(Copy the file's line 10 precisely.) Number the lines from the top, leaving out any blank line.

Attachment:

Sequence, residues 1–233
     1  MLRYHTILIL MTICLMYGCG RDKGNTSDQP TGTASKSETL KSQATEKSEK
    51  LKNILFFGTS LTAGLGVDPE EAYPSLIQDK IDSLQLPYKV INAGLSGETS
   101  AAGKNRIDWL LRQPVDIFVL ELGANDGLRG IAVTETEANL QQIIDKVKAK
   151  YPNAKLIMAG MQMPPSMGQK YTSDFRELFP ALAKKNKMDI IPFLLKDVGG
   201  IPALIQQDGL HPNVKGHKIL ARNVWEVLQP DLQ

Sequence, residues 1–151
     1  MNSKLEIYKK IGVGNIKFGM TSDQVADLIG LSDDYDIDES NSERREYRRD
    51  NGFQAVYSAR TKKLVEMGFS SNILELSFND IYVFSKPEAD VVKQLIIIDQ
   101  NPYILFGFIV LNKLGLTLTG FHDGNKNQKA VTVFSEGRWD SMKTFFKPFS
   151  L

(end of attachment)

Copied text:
   101  NPYILFGFIV LNKLGLTLTG FHDGNKNQKA VTVFSEGRWD SMKTFFKPFS